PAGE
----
Speed review: Archaeology news from the last two weeks

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Between the Christmas and New Year celebrations, and my two weeks at the field, I didn’t have the time to cover any of the archaeology news that has surfaced in the last three weeks. In Wednesday Rojak style, here’s the quick summary of what’s been happening in Southeast Asia over the last three weeks: Skeletal remains in Malaysia, Digital Reconstruction in Cambodia, Restoration works in Vietnam and a Construction Mess in Indonesia.

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Wednesday Rojak #42

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It’s almost been a month since the last Wednesday Rojak, and that’s because I’ve been traveling quite heavily for the last three weeks because of the term break and some family matters. On the flip side, it also means that I’ve amassed a few stories for this week’s very belated edition of rojak! Beside visiting Borobudur and Angkor, we also have a closer look at some of the sites in the Philippines.

Fort San Pedro
photo credit: thumbbook
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Philippine tunnel workers get heritage training

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Tunnel workers working under Plaza Independencia in Cebu City will undergo heritage training to recognise and preserve pre-hispanic artefacts they might come across while digging. The move by the National Museum is to help prevent further looting from the site.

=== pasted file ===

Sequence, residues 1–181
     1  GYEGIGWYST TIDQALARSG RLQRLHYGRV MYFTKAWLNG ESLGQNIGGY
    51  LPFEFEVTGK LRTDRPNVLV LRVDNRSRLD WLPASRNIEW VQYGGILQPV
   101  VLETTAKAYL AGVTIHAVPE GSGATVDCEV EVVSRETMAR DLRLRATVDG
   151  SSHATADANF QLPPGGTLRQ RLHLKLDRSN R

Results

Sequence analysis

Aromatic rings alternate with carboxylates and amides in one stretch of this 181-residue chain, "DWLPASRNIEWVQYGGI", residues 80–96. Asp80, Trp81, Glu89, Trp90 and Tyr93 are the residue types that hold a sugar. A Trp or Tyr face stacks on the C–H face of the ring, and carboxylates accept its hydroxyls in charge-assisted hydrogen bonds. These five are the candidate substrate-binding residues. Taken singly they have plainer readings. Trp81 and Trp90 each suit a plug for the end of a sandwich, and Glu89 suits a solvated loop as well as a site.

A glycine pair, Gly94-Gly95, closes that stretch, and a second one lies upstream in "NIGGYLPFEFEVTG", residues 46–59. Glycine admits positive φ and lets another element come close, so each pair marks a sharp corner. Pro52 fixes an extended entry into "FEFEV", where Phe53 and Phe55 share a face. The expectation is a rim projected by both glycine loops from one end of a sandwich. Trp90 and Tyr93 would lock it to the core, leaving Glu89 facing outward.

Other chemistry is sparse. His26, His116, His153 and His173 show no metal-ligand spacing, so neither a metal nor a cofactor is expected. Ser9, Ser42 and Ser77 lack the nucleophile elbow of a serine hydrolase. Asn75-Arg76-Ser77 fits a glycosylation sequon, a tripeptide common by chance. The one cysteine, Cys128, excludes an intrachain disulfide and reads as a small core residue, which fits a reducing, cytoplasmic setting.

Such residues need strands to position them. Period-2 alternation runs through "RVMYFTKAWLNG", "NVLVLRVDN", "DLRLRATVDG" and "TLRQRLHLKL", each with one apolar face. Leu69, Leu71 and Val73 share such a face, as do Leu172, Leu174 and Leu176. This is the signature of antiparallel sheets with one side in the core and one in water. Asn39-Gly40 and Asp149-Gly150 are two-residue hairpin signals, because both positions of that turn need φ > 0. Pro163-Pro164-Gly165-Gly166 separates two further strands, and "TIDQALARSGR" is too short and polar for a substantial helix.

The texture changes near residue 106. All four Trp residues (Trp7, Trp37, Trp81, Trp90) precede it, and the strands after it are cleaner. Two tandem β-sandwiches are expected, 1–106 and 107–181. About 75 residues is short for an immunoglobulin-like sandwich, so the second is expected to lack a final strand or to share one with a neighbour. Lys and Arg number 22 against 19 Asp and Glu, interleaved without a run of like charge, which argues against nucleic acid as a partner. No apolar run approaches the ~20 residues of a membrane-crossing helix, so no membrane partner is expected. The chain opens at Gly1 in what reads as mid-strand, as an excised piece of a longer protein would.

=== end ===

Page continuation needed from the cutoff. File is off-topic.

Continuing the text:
Heritage training for tunnel workers
Cebu Daily News, 28 September 2008
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Taking Risks

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29 June 2006 (Cebu Daily News) – A commentary with mention of an archaeological dig just wrapping up at Plaza Independencia, with pre-hispanic finds of burials and Chinese ceramics.

Taking Risks

Before I proceed, however, let me invite the readers to the important work carried out by the National Museum (NM) at Plaza Independencia, where archaeological excavations are about to wrap up. Back-filling of the 12 or so 4×4 meter units (quite awesome by archaeological standards) will end today with some 4,000 sacks of excavated soil. The excavations began on June 6 as a prerequisite for the construction of a subway to connect to the South Coastal Road. All told, 11 burials were unearthed, aside from over a thousand Asian tradeware ceramic sherds (probably from the Ming dynasty, 14th to 16th centuries), as well as local earthenware, colonial-period bricks, clay pipes, wine bottles, and a jumble of cow, carabao, pig, and deer bones.